The only thing that is constant in life is change. The world of dividend investing closely follows this eternal truth as well. For example, in the past two decades investors have witnessed several implosions in large companies that have previously been considered blue chip stocks. Companies such as AT&T (T) had mostly lost its status as a widows and orphans stock after the split in 1984, cut dividends in 2001, and was eventually purchased by SBC Communication in 2005. SBC Communications took the AT&T name after that.
Another example includes financial institutions such as Bank of America (BAC), Citigroup (C), Wachovia and US Bancorp (USB) which were regarded as safe blue-chips by investors for many years. These companies managed to boost distributions for several decades, and could be found on the dividend aristocrats lists.
In fact, these companies exemplified the characteristics of the perfect dividend growth stocks, since they not only provided high yields but also grew distributions at above average rates. While the financial crisis of 2007 -2009 proved that this was all based on financial alchemy, investors who sold after dividend cuts and reinvested proceeds in other income producing securities did fairly well.
Even stodgy utilities, which investors regard as safe investments could deliver their fair share of losses. For example, in 1974 Con Edison (ED) skipped dividends for one quarter and then initiated them back at a rate that was 55% lower than prior to the cut. This was prompted by the fact that the company used oil for its power generation facilities, and the oil embargo made it unable to pass price increases to consumers quickly enough.
In addition, it was burdened by construction projects used to increase capacity, all of which caused a shortage of cash. This probably surprised many investors, who were relying on dividends of otherwise stable utilities. In fact, when I look at records of utilities companies in the Dow Jones Utilities Index, there are just a few that have never cut dividends. This goes on to show, that time and again, dividend investors might fall in love with a certain sector, be it master limited partnerships, financials, consumer staples or real estate investment trusts. If they are not careful however, and overexpose themselves to certain sectors, they increase the riskiness of their portfolios.
In essence, there are no perfectly safe investments. While a company looks perfectly stable today, and poised to grow forever, the reasons why it would implode might not be known for several decades. As a result, buy and hold dividend investors should regularly monitor the companies they own and devise a plan to sell if a certain trigger event occurs.
For example, I would automatically sell a stock after it cuts distributions. I would then reinvest capital in a company in a similar industry. My experience has uncovered that companies that admit they no longer can afford to pay distributions are very risky. Essentially these stocks either go to zero after cutting dividends, or deliver stratospheric returns after that, with equal chances of either outcome. However, by retaining flexibility to sell after a cut, an investor saves their portfolio for another day. By reinvesting into another company, the investor also recuperates a portion of the lost income. If the dividend cutter eventually starts raising distributions again, you can always get back in.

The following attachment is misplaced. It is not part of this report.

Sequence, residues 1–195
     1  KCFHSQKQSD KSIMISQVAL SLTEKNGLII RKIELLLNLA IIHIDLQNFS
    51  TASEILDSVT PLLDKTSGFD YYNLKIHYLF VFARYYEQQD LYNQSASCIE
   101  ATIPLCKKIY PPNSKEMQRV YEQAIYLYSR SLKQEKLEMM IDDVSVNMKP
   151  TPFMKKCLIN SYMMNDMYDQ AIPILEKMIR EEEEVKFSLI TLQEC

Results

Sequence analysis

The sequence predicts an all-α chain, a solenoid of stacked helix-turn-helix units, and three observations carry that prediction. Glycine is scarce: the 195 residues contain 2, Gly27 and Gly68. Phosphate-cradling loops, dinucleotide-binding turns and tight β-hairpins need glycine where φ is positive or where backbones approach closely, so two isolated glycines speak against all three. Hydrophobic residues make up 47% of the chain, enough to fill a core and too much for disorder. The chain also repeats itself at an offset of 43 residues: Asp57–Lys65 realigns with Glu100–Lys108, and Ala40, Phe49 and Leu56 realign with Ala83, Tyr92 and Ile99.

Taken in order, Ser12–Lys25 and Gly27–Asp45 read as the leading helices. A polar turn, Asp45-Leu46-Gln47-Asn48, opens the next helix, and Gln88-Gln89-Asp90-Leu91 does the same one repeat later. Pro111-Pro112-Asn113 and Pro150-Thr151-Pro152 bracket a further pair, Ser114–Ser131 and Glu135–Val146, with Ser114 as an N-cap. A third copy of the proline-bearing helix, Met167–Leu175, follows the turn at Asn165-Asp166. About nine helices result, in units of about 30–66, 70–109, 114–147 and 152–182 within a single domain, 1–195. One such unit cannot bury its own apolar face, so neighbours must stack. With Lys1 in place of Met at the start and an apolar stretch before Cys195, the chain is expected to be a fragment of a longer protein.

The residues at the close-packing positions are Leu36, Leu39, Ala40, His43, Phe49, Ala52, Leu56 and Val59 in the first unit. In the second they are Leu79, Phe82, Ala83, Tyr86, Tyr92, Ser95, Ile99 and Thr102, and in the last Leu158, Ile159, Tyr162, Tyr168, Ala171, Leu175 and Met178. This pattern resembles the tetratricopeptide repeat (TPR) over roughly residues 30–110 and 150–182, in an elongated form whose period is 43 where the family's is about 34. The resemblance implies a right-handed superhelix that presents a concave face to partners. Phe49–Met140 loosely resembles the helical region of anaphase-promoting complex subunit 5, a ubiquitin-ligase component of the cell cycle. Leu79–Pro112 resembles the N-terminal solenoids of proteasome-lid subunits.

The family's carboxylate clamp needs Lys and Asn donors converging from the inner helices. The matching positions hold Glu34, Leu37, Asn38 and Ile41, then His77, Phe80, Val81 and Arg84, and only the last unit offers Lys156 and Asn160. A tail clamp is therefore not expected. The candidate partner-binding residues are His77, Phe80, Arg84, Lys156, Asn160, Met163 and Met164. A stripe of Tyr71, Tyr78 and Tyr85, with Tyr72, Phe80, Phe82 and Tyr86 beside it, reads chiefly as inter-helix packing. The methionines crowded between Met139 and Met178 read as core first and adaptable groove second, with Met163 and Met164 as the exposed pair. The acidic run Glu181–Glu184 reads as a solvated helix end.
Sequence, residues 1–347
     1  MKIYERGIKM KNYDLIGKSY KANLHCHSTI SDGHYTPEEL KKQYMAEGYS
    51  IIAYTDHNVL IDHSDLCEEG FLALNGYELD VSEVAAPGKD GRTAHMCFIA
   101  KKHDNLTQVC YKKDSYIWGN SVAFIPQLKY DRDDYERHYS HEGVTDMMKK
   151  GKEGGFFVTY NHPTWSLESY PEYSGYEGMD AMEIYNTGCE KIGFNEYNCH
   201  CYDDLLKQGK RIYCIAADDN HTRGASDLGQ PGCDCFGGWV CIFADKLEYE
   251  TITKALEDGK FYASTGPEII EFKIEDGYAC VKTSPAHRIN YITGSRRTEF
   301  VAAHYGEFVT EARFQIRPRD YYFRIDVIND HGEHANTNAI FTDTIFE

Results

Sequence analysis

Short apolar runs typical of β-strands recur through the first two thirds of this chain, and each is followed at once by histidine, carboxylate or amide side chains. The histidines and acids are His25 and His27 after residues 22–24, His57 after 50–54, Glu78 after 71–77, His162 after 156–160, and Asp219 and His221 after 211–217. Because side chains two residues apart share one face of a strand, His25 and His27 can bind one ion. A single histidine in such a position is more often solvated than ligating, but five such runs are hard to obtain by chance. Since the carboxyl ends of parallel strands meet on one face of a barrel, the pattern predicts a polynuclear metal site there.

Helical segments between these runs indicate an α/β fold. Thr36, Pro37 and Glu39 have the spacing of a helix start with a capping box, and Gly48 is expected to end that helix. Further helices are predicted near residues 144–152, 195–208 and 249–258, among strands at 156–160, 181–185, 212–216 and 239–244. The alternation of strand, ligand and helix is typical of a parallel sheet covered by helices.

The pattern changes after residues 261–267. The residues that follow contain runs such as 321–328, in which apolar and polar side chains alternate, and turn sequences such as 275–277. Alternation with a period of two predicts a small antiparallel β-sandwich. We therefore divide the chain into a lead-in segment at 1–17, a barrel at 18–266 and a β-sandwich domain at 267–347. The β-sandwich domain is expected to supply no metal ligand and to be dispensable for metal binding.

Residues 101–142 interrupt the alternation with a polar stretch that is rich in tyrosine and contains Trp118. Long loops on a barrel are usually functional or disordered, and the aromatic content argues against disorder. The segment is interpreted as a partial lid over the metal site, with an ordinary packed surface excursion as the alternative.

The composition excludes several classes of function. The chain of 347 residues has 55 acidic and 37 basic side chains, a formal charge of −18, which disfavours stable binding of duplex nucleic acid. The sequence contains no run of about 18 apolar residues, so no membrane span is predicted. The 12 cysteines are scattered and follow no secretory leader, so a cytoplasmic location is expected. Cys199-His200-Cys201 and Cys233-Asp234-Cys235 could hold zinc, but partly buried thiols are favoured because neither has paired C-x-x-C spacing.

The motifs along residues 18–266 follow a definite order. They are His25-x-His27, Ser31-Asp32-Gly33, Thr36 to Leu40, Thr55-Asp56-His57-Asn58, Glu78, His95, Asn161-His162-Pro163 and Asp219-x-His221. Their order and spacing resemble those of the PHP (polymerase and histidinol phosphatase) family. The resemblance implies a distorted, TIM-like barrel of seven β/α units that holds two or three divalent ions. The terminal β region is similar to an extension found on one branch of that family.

As a dividend investor, I would expect that names in my portfolio in 2042 would likely be different than the names present in 2012. After all, since 2008 I have experienced several cuts in my income portfolio. I had one cut in 2008 (American Capital (ACAS)), two cuts in 2009 (General Electric (GE), State Street Bank (STT)), one cut in 2010 (British Petroleum (BP)) and no cuts in 2011 and 2012. With three months to go in 2013, I have not experienced any dividend cuts either. By maintaining a relatively diversified portfolio consisting of over 40 individual issues, my total dividend income is somewhat immune by dividend cuts or eliminations.
If two companies in an equally weighted portfolio of 40 issues completely eliminate dividends but the remaining 38 issues raise distributions by 5%, my dividend income would be unchanged for the year. Assuming that I manage to replace the fallen dividends stocks I sold with fresh income stocks, I might even be able to eke out a gain in total dividend income. Monitoring 40 – 50 positions should not take a lot of time as well. Assuming that investors have done their homework in the initial stage, future time could be allocated reading annual reports and maybe quarterly reports while also performing an annual checkup of their position. I would not expect this to take more than 10 -15 hours/week.
After all, a company like McDonald’s (MCD) would keep being in the restaurant business for as long as possible. Its business model of delivering a consistent customer experience on a global scale should not change much. Its expansion might come not just by opening new stores internationally however, but by renovating existing locations, innovations in its menu and attracting new customers from a young age. These megatrends do not happen overnight, and would likely take years to develop.
Another example includes Wal-Mart (WMT), which is the world’s largest retailer. While the company has largely saturated US market, it could grow substantially abroad. In addition, it could also grow organically by making stores more appealing to consumers. At the same time, if investors use the company’s product or service in their everyday lives, they might gain an insider’s look at things, even before the annual reports are out.
Full Disclosure: Long ED, MCD and WMT